> written with expressive languages for off-line use (also called “reference
> ontologies”). See Guizzardi’s thesis for a very good discussion on this:
> http://www.inf.ufes.br/~gguizzardi/OFSCM.pdf
>
> My suggestion is to replace this text by:
> "The first means offered by W3C for creating ontologies is the RDF Schema
> <http://www.w3.org/standards/techs/rdf#w3c_all> language. It is possible
> to define more expressive ontologies with additional axioms using languages
> such as those in The Web Ontology Language OWL
> <http://www.w3.org/standards/techs/owl#w3c_all> family.”
>


I perfectly understand what you are talking about. And, as you know, there
isn't a consensus in the ontology community about the right definition for
light-weight and heavy-weight ontologies. For example, you can see
Mizoguchi's tutorial [1] about the type of ontologies.

[1]
http://www.unipamplona.edu.co/unipamplona/portalIG/home_23/recursos/general/06032011/onto_parte1.pdf

For this reason, and due the deadline, I think we could jump this
conceptual discussion and the way you proposed is quite nice for me. Your
suggestion removed the light-weight and heavy-weight terms from the
definition.


>
> BP12, possible approach to implementation:
> Add that diagrams may also serve the purpose of documenting vocabularies.
> An example is the use of a subset of UML to represent the W3C Org Ontology.
> (By the way, we had certain conventions established in GLD to define the
> UML diagram which could be part of a detailed BP for this.)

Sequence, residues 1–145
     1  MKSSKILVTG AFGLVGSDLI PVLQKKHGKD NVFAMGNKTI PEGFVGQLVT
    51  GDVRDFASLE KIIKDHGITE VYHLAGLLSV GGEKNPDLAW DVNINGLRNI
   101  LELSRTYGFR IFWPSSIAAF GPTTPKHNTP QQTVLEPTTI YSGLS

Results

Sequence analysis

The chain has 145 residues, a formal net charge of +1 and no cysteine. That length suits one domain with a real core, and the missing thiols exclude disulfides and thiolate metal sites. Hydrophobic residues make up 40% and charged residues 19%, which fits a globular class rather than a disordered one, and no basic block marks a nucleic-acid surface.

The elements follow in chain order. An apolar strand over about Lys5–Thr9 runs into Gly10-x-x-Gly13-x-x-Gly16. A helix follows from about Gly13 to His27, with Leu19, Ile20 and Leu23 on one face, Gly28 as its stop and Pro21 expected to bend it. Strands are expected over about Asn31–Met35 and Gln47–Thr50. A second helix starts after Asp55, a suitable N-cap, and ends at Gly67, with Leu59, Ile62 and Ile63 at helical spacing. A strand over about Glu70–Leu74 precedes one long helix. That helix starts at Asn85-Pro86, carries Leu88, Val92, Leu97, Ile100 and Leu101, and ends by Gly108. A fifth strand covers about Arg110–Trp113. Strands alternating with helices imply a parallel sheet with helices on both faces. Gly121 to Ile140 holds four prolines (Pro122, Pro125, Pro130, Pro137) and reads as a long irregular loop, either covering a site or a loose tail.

>

+1, but I think you are talking about BP11, right?


>
> *I would seriously hope that Best Practice 16 is removed altogether.* It
> has a number of statements with which I strongly disagree, and is too
> biased against formalization.
>
> It is biased because it says things such as "Unnecessarily complex
> vocabularies cost more efforts to produce and are less likely to be re-used
> in other datasets. “ but there is no reference to the other side of the
> coin, which would be that “overly simplistic vocabularies may fail to
> establish shared meaning to enable semantic interoperability”.  It is
> because of the lack of expressiveness of schema languages like XML Schema
> that we now have RDF(S) and OWL(S)…
>
> It also says that "Resources that are equiped with a strong, formal
> semantics are less clear (harder to understand) for any data re-user.” I
> can’t really understand this. It is too strong a generalization. Why would
> formal semantics be directly opposed to clarity? Formal semantics may help
> one to establish more precise specifications… which would support
> establishing the intended meaning of the vocabulary. So the whole point is
> obviously identifying the right level of formalization for particular tasks
> (and possibly having a number of related formalisms when one size does not
> fit all)! And of course presenting the ontology in a way that users can
> understand it (for example, with diagrams that do not require the user to
> read through all axioms – again see W3C ORG Ontology for an example).
>

+1. I totally agree with João Paulo about this issue. The level of
formalization depends on several aspects, such as the intended audience,
domain, kind of use, and so on... We can see different scenarios with
different levels of formalization...

As we are proposing Best Practices, I think it is very strong to make such
a recommendation. For this reason, I agree with João Paulo to remove the
BP16.


>
> Best regards,
> João Paulo
>
>
>
>
>
>
>
>
>
>


-- 

Ig Ibert Bittencourt
Professor Adjunto III - Instituto de Computação/Universidade Federal de
Alagoas (UFAL)
Vice-Coordenador da Comissão Especial de Informática na Educação
Líder do Centro de Excelência em Tecnologias Sociais
Co-fundador da Startup MeuTutor Soluções Educacionais LTDA.
Received on Thursday, 22 January 2015 17:38:02 UTC